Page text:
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Civil Service Commission/Department of Personnel - RG 216 | Illinois State Archives

Name: Civil Service Commission/Department of Personnel - RG 216


Historical Note:

The first civil service law for state government in Illinois was approved May 11, 1905 and took effect in November of that year (L. 1905, p. 113). The act established the Civil Service Commission's basic structure of three commissioners, appointed by the Governor to six-year terms, who chose one of their members to act as president and appointed a chief examiner to serve as secretary. Although the commission's jurisdiction extended initially over only non-supervisory employees of state charitable institutions, the members exercised the full range of their principal duties: to classify positions in accord with competence and salary levels; to set qualifications for employment in the positions under their control; to maintain lists of persons eligible for appointment to those positions, and to furnish those lists to agencies seeking to fill vacancies; to approve appointments and maintain records of transfers, promotions, and resignations; to investigate complaints concerning position changes, responsibilities, salaries, or tenure; to remove employees for specific offenses (e.g., inefficiency, political activity, insubordination); to establish and promulgate personnel rules and to file them with the Secretary of State and county clerks; to authorize payment of employees' salaries after determining that those wages corresponded with the terms of their appointments or promotions; and to submit annual reports to the Governor.

In 1911 the civil service system was broadened and the commission's jurisdiction extended to a much wider range of positions (L. 1911, p. 222). The members were given additional powers: to establish promotional lists for those positions, to advise state agencies concerning more effective personnel practices, and to offer dismissed employees the opportunity to defend themselves at hearings conducted by the commission. The expanded system included all positions under the Governor but did not affect employees of the General Assembly, judges and their appointees, elected officials, appointees of the Governor who required confirmation by the Senate, members of state military services, administrators and faculty of the University of Illinois and state normal schools, executive mansion employees, assistant attorneys general, loan or bank examiners, and superintendents, wardens, and chaplains of state charitable and penal institutions. Other exemptions were made over the period 1917-1941 for employees of the State Council of Defense, special police, Superintendent of Buildings and Grounds, insurance actuaries or examiners, veterinary surgeons in the Department of Agriculture, employees of the Illinois Farm Commission, watchmen employed by the Supreme Court, state highway and waterway construction and maintenance workers, certain regulatory staff of the Department of Mines and Minerals, and scientists employed by the state scientific surveys (L. 1917, pp. 153, 289; L. 1919, p. 291; L. 1925, p. 542; L. 1931, p. 207; L. 1941, vol. 1, pp. 398, 934). In 1917 dismissed employees were granted the right to reinstatement if commission hearings proved that their terminations had been based on racial, political, or religious prejudice (L. 1917, p. 289).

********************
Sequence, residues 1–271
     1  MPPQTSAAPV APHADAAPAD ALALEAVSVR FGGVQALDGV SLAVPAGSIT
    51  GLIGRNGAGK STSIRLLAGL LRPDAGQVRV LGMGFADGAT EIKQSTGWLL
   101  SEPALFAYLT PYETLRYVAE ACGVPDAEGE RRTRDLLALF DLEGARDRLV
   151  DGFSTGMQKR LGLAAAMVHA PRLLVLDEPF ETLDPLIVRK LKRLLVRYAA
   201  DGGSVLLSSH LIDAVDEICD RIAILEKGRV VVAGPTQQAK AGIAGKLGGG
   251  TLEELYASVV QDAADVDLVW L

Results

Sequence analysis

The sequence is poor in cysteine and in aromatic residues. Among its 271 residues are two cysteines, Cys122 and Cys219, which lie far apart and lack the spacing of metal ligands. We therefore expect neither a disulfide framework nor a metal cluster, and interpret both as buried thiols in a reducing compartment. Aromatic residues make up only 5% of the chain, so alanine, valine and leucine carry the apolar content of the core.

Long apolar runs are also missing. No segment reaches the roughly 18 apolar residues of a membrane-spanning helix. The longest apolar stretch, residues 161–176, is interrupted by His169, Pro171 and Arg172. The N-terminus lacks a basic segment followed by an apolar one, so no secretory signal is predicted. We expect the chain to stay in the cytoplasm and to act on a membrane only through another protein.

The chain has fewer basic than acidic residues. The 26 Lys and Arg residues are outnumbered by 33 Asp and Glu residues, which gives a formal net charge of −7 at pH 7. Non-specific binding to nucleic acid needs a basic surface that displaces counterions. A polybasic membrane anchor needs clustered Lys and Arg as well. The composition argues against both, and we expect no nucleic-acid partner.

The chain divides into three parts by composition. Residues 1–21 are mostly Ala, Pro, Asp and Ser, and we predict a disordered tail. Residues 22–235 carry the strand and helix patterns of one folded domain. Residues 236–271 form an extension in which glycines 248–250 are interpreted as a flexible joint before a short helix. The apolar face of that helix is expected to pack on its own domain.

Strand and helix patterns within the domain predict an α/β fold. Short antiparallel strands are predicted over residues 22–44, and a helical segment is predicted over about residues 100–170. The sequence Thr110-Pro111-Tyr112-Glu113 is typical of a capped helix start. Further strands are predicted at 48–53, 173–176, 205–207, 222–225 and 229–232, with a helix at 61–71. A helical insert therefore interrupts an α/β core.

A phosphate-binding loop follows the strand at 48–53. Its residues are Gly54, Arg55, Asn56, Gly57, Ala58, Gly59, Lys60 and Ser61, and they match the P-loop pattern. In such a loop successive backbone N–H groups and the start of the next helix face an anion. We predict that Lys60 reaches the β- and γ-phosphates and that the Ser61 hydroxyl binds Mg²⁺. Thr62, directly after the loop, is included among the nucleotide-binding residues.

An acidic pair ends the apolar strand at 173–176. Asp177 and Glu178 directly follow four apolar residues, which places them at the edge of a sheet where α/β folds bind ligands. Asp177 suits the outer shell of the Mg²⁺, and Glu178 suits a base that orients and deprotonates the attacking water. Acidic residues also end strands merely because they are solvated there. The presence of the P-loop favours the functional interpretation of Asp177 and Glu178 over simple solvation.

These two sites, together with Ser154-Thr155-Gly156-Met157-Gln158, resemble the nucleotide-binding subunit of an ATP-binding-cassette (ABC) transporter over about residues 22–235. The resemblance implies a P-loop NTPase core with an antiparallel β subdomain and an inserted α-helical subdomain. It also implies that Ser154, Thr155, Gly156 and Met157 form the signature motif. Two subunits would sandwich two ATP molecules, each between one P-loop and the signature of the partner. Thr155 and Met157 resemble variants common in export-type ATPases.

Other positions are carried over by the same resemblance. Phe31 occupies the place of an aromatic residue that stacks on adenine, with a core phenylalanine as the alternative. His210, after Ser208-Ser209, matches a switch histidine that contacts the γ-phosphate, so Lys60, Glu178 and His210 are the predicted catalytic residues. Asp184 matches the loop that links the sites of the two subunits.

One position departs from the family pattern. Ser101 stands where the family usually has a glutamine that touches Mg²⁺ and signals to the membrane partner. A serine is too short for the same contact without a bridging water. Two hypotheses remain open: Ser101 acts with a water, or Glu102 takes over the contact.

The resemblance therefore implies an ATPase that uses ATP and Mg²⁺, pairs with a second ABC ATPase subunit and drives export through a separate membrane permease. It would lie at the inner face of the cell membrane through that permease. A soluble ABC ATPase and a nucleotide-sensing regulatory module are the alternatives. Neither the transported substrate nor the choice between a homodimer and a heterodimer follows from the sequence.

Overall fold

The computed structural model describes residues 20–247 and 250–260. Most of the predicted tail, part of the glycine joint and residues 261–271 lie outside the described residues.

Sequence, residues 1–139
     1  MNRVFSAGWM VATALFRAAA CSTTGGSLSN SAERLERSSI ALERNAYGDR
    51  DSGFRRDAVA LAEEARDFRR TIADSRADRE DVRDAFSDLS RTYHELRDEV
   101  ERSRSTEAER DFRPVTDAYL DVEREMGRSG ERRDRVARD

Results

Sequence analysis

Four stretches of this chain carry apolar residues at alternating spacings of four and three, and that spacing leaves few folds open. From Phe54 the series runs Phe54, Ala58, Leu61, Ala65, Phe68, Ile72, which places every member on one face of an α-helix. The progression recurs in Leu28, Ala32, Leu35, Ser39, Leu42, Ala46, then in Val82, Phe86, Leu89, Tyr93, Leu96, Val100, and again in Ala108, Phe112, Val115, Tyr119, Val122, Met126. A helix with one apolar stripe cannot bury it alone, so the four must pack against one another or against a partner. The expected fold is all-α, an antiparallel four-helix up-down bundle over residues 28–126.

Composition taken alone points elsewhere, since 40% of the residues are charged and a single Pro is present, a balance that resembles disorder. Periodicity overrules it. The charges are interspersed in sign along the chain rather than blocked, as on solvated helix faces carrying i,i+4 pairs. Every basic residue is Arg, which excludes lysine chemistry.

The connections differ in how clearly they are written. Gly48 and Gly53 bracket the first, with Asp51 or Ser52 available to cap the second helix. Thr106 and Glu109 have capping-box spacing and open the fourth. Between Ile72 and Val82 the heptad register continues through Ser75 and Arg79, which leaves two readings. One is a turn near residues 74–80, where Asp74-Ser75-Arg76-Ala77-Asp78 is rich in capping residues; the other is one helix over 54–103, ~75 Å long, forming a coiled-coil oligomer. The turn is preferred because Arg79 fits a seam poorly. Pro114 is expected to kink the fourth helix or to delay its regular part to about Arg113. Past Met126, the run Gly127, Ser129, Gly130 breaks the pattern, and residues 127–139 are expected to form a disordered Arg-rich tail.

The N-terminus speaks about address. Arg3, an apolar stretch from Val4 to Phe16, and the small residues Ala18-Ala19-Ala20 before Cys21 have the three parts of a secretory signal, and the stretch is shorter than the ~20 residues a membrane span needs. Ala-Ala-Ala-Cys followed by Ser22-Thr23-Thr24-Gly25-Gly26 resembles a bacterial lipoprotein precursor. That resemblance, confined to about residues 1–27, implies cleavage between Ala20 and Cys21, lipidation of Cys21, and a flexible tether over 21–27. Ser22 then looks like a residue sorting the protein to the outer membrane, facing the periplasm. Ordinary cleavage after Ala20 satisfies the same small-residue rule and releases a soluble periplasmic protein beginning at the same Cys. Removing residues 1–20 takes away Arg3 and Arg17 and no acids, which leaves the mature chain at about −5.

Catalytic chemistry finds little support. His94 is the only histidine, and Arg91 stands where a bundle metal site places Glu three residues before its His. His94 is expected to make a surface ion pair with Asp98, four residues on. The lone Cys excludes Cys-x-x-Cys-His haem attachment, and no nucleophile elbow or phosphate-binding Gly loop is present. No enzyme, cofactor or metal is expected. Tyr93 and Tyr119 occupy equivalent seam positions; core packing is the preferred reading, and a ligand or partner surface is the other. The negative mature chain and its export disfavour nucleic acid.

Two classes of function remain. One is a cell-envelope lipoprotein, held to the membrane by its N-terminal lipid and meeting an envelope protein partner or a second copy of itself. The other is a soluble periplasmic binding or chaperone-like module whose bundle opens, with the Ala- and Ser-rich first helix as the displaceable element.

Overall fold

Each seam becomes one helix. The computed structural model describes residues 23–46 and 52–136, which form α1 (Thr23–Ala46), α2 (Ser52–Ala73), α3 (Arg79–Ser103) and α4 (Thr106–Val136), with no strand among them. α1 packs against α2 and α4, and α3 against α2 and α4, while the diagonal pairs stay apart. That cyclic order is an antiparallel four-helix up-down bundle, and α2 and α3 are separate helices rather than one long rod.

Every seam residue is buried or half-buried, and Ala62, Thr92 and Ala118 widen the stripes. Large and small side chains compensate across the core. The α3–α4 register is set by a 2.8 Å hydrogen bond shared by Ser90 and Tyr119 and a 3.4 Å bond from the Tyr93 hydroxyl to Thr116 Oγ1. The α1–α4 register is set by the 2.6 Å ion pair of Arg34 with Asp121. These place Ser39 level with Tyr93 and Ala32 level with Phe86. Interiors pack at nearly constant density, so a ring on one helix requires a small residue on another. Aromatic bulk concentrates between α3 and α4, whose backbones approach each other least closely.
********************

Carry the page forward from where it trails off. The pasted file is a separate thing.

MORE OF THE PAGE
In 1941 and 1943 non-academic and non-administrative staff of the University of Illinois were transferred to the control of a newly created University Classified Civil Service System and employees of downstate county departments of public welfare were placed under the jurisdiction of the Merit System Council consisting of the three state civil service commissioners (L. 1941, vol. 1, pp. 398, 493; L. 1943, vol. 2, p. 545).

In 1955 and 1957 the act of 1905 was amended substantially. The commission's administrative duties were transferred to the newly established Department of Personnel and the commission was transformed into a regulatory agency over the department in order to oversee and coordinate its duties and to hear employee appeals from department decisions (L. 1955, pp. 337, 2208, 2222; L. 1957, p. 1101). Terms of the acts of 1955, collectively entitled the Personnel Code and effective as of July 1957, retained most exemptions previously authorized and continued undisturbed separate personnel merit systems such as those for the state police and the University of Illinois. The Merit System Council, however, was abolished and its responsibilities merged with those of the Department of Personnel. A separate University Civil Service System was established for employees of Northern, Eastern, and Western Illinois Universities. And a Personnel Advisory Board of nine appointees of the Governor was created to nominate appointees to the Civil Service Commission and advise both the commission and the department on effective personnel administration.

The Department of Personnel was replaced by the newly created Department of Central Management Services in 1982. The Civil Service Commission remained independent (Executive Order No. 82-1, P.A. 82-, pp. 3436-3444).

For an administrative history of the Department of Central Management Services see RG 225.000.



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